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Victor Barra simply didn't have the staff to keep the more than 1,000 Windows servers at Siemens Medical patched. More than once, malware attacks brought down systems and cost the company hundreds of thousands of dollars. Last summer's Blaster worm was the last straw.
"We had to turn the network off at the routers until everything got patched," says Barra, administrator for the medical equipment manufacturer's Windows networks. "It cost the company a ridiculous amount of money.
"Management finally realized we had to put resources into the problem," he adds. For Siemens Medical, that meant investing in an automated patch management solution rather than thousands of man-hours per month. Barra uses Shavlik Technologies' HFNetChkPro to install patches on his servers in one-hour maintenance windows early each workday. It costs $10 per box, money Barra says is well spent. Over the next six months, he plans to use the software to patch 3,500 clients at the company's Malvern, Pa., IT facility as well as 10,000 clients across the country.
The Money Trap
Patching: You're damned if you do and damned if you don't. Some companies, like Siemens Medical, don't have the time and resources to patch thousands of systems, while others commit time and resources they can ill afford. RKA Petroleum, for example, has only about a half-dozen Windows servers and 35 clients to worry about. That was still too much for Jason Hittleman and his staff of two.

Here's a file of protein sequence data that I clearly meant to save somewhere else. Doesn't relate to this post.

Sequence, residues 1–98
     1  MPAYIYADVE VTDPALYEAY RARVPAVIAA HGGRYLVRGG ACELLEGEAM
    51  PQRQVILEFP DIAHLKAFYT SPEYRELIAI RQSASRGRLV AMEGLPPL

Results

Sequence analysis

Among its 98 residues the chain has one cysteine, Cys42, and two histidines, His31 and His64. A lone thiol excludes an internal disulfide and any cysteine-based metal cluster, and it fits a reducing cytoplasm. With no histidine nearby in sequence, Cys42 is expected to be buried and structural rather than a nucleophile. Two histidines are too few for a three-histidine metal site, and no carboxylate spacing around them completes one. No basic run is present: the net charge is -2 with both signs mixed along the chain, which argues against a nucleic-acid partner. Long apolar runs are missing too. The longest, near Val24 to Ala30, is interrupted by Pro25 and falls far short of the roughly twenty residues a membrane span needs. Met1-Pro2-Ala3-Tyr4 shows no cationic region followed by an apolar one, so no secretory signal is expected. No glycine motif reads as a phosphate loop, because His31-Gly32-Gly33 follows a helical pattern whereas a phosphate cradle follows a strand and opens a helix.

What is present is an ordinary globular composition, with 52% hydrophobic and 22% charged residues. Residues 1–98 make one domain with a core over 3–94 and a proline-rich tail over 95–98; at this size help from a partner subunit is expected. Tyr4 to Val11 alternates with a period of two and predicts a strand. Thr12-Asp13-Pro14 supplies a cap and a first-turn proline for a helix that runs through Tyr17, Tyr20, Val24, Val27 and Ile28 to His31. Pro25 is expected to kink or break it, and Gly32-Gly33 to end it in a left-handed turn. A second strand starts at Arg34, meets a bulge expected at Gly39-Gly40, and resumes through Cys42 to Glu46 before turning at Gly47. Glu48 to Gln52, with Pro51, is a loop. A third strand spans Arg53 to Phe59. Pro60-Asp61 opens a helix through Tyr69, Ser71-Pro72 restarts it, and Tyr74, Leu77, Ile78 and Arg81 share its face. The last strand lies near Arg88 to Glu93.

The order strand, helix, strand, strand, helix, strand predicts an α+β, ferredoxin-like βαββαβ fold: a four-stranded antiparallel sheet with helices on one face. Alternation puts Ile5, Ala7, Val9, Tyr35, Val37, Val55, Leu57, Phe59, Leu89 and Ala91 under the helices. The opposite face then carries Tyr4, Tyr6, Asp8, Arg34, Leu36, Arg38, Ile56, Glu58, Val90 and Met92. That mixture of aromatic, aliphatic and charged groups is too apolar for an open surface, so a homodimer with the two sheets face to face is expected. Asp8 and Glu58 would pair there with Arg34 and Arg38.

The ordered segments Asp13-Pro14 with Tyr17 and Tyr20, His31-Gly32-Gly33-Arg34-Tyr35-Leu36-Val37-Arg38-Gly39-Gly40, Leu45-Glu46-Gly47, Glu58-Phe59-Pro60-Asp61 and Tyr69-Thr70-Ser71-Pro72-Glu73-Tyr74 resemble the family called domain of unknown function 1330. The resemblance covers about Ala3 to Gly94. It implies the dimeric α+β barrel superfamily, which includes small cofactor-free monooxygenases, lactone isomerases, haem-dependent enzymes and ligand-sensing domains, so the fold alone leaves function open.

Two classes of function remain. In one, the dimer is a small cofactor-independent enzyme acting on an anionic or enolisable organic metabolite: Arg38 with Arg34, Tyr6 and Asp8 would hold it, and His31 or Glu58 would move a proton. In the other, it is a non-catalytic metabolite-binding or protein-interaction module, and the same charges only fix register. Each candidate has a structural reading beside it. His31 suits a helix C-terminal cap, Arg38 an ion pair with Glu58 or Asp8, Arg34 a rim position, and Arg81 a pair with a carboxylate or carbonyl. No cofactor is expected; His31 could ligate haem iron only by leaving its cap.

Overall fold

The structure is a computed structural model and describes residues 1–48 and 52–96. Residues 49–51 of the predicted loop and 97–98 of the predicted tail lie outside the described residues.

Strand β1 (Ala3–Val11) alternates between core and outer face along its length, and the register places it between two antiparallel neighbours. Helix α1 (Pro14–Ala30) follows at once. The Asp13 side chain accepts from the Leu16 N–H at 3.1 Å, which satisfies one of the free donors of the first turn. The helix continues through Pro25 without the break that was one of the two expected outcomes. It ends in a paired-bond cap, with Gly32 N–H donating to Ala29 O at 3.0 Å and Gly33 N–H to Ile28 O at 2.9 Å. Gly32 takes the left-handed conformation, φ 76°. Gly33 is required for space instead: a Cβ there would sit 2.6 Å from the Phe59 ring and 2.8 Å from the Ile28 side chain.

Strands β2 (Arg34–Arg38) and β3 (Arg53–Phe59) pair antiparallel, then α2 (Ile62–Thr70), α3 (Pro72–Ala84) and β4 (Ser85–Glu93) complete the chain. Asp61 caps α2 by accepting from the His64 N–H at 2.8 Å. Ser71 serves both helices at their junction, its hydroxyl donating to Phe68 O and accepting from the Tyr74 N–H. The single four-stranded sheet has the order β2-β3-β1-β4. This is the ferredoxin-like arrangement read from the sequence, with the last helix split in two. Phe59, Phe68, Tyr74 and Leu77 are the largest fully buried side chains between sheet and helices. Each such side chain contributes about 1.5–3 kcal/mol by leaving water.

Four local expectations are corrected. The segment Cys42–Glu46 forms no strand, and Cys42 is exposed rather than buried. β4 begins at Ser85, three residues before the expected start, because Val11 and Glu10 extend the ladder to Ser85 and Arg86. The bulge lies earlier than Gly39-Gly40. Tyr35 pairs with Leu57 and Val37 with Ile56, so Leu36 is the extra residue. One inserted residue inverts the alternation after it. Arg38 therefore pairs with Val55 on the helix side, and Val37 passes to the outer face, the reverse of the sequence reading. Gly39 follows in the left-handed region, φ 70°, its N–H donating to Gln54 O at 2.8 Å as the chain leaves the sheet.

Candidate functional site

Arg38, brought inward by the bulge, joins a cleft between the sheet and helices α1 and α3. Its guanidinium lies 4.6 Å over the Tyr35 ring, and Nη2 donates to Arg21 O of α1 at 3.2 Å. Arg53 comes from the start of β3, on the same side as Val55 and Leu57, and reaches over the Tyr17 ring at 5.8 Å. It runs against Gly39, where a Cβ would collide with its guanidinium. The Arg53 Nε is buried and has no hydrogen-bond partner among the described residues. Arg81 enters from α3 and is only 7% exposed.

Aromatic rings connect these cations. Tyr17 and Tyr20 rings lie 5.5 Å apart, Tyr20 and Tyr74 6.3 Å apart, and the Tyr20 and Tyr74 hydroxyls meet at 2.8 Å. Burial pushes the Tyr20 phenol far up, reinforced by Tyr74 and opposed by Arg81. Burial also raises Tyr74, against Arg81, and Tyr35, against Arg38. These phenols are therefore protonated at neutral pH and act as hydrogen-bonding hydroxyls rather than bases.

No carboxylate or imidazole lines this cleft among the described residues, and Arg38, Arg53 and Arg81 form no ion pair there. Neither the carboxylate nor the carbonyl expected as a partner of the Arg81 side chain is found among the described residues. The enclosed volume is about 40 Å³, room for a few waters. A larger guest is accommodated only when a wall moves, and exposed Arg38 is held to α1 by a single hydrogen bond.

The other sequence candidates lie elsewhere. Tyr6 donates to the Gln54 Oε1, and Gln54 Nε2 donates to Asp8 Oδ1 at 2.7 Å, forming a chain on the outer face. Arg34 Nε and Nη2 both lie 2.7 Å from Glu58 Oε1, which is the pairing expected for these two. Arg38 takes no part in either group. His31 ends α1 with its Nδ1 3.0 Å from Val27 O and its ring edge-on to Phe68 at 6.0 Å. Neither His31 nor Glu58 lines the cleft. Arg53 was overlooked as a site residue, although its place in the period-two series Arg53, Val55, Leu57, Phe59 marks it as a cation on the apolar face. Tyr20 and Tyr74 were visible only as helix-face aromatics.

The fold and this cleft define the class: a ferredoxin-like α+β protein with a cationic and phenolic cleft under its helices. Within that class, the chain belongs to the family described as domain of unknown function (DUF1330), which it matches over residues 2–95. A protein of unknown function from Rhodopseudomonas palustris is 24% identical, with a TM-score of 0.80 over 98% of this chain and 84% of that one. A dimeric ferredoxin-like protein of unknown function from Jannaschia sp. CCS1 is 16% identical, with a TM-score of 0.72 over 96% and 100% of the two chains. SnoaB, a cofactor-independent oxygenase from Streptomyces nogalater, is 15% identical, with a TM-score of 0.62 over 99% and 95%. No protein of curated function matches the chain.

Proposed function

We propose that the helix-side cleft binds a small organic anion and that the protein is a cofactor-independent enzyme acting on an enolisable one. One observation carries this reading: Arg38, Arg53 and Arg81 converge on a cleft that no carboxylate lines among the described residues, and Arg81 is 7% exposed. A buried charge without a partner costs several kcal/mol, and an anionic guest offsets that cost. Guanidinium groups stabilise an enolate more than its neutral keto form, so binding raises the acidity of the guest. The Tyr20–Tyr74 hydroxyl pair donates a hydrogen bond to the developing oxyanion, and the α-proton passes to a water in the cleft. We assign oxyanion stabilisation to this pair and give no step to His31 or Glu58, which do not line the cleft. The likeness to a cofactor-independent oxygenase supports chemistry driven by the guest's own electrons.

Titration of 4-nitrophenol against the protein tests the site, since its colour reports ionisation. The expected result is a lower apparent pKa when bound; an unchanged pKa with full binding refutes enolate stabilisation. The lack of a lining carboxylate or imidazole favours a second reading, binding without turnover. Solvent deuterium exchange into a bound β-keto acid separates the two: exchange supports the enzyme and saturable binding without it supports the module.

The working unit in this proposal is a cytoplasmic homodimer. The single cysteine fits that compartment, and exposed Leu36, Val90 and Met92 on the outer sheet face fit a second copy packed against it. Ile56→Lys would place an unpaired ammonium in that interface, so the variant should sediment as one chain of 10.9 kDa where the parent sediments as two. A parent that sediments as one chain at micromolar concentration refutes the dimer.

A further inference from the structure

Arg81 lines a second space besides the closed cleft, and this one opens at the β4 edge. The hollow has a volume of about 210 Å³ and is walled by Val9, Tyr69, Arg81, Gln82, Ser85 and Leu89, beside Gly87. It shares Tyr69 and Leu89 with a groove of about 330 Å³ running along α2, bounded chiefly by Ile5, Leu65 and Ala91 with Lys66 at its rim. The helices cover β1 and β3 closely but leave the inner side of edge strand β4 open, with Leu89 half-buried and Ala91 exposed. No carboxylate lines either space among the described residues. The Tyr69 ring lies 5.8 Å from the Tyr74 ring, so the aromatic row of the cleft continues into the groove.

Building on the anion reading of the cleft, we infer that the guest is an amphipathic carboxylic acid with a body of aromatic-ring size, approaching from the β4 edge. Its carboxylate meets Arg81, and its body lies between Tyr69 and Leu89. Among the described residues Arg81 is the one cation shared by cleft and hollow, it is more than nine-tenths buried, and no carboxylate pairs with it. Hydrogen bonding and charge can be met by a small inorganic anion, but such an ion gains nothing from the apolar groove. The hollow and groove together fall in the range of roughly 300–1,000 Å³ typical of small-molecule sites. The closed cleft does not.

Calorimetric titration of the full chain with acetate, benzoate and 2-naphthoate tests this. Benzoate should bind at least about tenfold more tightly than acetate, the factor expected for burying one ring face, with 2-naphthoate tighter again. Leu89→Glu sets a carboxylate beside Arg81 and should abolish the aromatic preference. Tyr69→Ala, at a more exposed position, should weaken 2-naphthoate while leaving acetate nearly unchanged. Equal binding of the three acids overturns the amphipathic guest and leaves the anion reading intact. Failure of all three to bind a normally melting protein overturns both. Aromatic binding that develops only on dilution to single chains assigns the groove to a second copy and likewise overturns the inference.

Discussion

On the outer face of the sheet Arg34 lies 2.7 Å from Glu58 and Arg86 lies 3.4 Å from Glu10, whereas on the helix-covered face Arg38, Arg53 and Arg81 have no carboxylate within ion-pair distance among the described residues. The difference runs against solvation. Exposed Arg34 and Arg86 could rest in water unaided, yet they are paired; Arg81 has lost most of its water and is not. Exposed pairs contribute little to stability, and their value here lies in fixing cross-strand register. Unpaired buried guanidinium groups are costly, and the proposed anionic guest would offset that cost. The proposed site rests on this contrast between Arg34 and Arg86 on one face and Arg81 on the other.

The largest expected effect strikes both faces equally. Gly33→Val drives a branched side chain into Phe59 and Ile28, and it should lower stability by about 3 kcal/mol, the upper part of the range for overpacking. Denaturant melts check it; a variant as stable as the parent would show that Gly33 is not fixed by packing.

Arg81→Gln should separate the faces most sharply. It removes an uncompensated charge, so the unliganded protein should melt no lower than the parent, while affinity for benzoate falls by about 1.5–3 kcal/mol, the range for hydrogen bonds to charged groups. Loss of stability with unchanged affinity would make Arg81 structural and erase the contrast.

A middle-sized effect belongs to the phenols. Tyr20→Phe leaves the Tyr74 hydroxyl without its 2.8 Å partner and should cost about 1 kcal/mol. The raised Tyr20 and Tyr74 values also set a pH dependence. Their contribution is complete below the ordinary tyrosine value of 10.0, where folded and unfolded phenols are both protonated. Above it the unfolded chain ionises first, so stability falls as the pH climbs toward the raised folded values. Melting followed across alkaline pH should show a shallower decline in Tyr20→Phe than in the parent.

"Patching took almost 120 hours a month among the three of us, almost a full-time position" says Hittleman, VP of information systems for the Michigan-based regional petroleum distributor. "Employees had to stop work or work at another station. It was hell." He now spends about an hour patching each month, using PatchLink's Update patch management software.
With an ROI that's impossible to ignore, automated patching is a cost-effective alternative to the drain of manual patching -- and the risks of not patching. Automated patch solutions can fit nicely into your vulnerability management program, drastically reducing costs and narrowing the window in which your mission-critical systems are exposed.
But that doesn't mean that automated patching -- or any patching at all -- is necessary or desirable in every network environment. It all depends on the value of your protected assets, the threat level, the presence of other mitigating factors and the required effort and resources.
For one thing, patching isn't always as cost-effective as it may seem. Time is money, and patching takes time. So, it's important to measure the cost of patching and not patching against the level of risk, and then determine when and what to patch.
To calculate costs, use the following equation:
(Hours x Rate x Systems) + (Patch Failure% x (Hours x Rate x Systems)) = Cost to Patch
So, if it takes an army of $70/hour technicians one hour to patch a system, and there are 2,000 systems, the cost is $140,000. If you estimate that 5 percent of the patches fail, and figure an average of two hours of recovery time (which includes help desk and IT support activities), that's 100 systems at $140 each -- another $14,000.
Using an automated system with multiple threads reduces the 2,000 man-hours to a few automated hours -- it's easy to see why the ROI is so high.
Consider, too, that time isn't necessarily a constant -- several factors have an impact. Heterogeneity of systems -- variations in platforms, configurations and deployed applications -- increases the chances that patches will fail, because nonstandard systems are hard to test. Sheer numbers have a significant impact on the amount of time it will take to patch all systems and contribute to the likelihood that a percentage of systems will be missed.
And highly decentralized environments will take longer to patch as notifications are sent to affected business unit managers and consensus is built across the organization on how to proceed.